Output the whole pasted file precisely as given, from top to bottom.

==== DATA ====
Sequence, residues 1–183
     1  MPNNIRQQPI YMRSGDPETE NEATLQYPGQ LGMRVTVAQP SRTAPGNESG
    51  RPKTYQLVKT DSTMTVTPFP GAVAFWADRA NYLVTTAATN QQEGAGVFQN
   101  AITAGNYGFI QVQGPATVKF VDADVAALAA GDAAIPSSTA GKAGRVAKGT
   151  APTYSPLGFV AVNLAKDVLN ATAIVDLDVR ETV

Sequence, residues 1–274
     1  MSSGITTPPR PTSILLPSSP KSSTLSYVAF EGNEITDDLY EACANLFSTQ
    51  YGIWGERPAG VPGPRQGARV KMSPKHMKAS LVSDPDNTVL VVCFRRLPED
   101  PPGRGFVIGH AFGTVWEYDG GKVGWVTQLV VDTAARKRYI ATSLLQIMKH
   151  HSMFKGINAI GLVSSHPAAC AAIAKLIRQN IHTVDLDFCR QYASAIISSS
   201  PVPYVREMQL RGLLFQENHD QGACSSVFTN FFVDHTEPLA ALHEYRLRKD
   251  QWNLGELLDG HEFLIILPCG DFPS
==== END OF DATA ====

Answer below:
Sequence, residues 1–183
     1  MPNNIRQQPI YMRSGDPETE NEATLQYPGQ LGMRVTVAQP SRTAPGNESG
    51  RPKTYQLVKT DSTMTVTPFP GAVAFWADRA NYLVTTAATN QQEGAGVFQN
   101  AITAGNYGFI QVQGPATVKF VDADVAALAA GDAAIPSSTA GKAGRVAKGT
   151  APTYSPLGFV AVNLAKDVLN ATAIVDLDVR ETV

Sequence, residues 1–274
     1  MSSGITTPPR PTSILLPSSP KSSTLSYVAF EGNEITDDLY EACANLFSTQ
    51  YGIWGERPAG VPGPRQGARV KMSPKHMKAS LVSDPDNTVL VVCFRRLPED
   101  PPGRGFVIGH AFGTVWEYDG GKVGWVTQLV VDTAARKRYI ATSLLQIMKH
   151  HSMFKGINAI GLVSSHPAAC AAIAKLIRQN IHTVDLDFCR QYASAIISSS
   201  PVPYVREMQL RGLLFQENHD QGACSSVFTN FFVDHTEPLA ALHEYRLRKD
   251  QWNLGELLDG HEFLIILPCG DFPS